Fights That Are A Waste Of Time, But End Marriages
It’s very rare that a marriage goes from perfect to failing overnight. Those stories in which a woman finds out her husband is a secret polygamist or laundering money are few and far between—that’s why they make for great true crime show episodes. But in real life, marriages end because one type of argument (that doesn’t seem big when it begins) is repeated over, and over again, with no resolution. It wears on the couple, and over time, makes them feel less like a team and more like competitors. Since many of the things married couples fight about don’t seem that grave, they may not realize the danger in continuing to dispute over them. But, over time, seemingly insignificant arguments can ruin marriages. Here are fights that are a waste of time, but ruin marriages.
Keeping in-laws, out
Here’s something you have to remember: your parents will always stick around, but your spouse may not. If your parents overstep their boundaries in a way that makes your partner uncomfortable, even if you don’t think they did anything wrong, you need to side with your spouse. It’s not about who is right or wrong; it’s about respecting the space of the relationship.
The chores debate
If your partner is slacking off on chores, say something, but don’t say something with the tone of, “This is a huge issue and it’s ruining us.” People can take too serious of a tone when they’re just telling their partner they’ve left dirty dishes in the sink for a while. Don’t give tiny problems the importance of big ones, or they will become big problems.
Good parent/bad parent
One parent always says yes to the kids’ demands, leaving the other to be the “bad cop/bad parent.” The problem here is the bad cop thinks the good cop is trying to make the bad cop look bad. They aren’t; they just adore their children and have a hard time saying no. It’s about their love of their kids, not their dislike of their spouse. Keeping that in mind can keep this argument from escalating.
Letting sex die
Sex dies off in a lot of couples. That isn’t the problem—the problem is how they handle it. Too many couples take the passive aggressive approach of becoming angry before their partner has even turned down sex, simply because they assume their partner would turn it down. Hey, if you need to have more sex, just say it—but don’t say it in an accusatory manner. That’s not, well, sexy. Once you’ve made sex a “I’m right and you’re wrong” discussion, it’s hard to come back from that.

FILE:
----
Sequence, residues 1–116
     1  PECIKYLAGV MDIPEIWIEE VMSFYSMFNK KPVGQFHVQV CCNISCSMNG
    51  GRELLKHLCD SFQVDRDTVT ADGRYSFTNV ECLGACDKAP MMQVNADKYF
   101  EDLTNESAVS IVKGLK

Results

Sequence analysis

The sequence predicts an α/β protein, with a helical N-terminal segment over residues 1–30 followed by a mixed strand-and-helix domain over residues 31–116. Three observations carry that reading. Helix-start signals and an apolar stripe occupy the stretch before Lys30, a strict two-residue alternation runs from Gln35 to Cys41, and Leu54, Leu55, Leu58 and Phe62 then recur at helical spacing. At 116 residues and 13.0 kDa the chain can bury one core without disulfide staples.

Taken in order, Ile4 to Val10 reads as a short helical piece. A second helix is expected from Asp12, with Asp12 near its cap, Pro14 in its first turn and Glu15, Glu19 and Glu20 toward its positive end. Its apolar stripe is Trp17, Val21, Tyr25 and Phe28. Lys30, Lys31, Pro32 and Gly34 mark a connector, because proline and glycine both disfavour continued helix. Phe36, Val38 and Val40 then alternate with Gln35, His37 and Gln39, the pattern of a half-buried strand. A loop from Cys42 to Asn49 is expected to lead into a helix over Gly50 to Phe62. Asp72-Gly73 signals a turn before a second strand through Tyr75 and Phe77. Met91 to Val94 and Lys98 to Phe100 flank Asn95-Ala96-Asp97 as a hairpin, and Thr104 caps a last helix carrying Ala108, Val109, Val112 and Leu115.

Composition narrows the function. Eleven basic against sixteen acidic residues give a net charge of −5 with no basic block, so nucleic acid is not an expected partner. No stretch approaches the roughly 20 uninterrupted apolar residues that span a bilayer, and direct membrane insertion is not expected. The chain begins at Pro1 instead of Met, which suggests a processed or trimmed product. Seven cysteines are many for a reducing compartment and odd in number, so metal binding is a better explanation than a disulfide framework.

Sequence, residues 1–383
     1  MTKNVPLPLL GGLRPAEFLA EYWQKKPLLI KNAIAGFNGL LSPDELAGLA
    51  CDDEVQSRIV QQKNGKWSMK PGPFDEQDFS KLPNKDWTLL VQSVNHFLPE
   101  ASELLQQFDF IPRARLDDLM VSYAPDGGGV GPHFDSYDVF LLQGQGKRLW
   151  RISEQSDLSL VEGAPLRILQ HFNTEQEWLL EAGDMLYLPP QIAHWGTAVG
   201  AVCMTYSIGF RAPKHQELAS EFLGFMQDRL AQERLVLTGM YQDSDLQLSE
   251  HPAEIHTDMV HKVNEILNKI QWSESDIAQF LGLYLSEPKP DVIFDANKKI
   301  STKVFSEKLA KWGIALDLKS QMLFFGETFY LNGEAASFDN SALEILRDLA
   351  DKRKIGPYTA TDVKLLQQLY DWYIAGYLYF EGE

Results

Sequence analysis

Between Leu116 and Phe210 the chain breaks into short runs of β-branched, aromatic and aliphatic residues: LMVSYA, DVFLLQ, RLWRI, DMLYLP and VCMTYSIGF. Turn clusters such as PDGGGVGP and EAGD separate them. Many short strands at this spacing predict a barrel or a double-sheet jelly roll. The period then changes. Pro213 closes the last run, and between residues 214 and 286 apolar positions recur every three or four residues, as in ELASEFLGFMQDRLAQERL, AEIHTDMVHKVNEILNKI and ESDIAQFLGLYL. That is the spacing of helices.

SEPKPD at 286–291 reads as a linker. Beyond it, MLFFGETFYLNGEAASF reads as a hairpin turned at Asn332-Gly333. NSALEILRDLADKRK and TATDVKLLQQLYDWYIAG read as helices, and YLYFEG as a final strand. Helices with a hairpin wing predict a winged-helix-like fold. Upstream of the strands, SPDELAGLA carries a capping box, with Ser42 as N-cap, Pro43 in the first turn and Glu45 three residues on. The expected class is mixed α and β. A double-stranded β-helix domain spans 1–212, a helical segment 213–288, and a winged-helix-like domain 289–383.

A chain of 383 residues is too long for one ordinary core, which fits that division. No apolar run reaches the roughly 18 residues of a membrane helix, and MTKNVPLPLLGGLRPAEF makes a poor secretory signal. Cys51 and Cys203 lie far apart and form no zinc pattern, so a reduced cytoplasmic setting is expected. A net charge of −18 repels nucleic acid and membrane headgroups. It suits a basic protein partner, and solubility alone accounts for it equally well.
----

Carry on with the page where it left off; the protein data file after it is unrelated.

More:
Complaining the romance is dead
People can approach this the same way they approach a dwindling sex life; they just start pointing fingers. If your marriage needs a kick-start in the romance department, just take the initiative. Don’t immediately become angry at your partner for not doing that; there are two people in this marriage, you know? Plus, do you want a romantic night, or do you want a fight? Okay. So create the romantic night.
The unfulfilled dreams fight
If you feel that your marriage has stopped you from pursuing your dreams, you may need to face a hard fact; that’s your fault! Nobody can make you do—or not do—anything. So sit down, make a plan, and figure out how you can go after those dreams. If you don’t, you’ll just start resenting your partner, when he didn’t even know you wanted to go after something.
Feeling left out
It’s pretty common for one person to get into a hobby that consumes their life, and that they don’t include their partner in. This is another topic that doesn’t benefit from accusations. If you want to feel more included, then take an interest—don’t start in with, “You don’t pay any attention to me and your stupid hobby takes up all your time.” Now you’ve ostracized yourself by coming down on your partner’s interests.
Whose work gets the most attention
It often happens that one person’s work becomes so all-consuming and stressful that they A) Talk about it too much and B) Don’t give their partner time to talk about their work. At the end of the day, you should be focusing more on connecting at home than arguing over who gets to talk about what happens outside the home.
How to spend/save money
Couples could save themselves a lot of headache by seeing a financial advisor. They can tell you the most realistic ways to achieve your financial goals, rather than you and your partner doing tons of guesswork and arguing about it.
Asking someone to change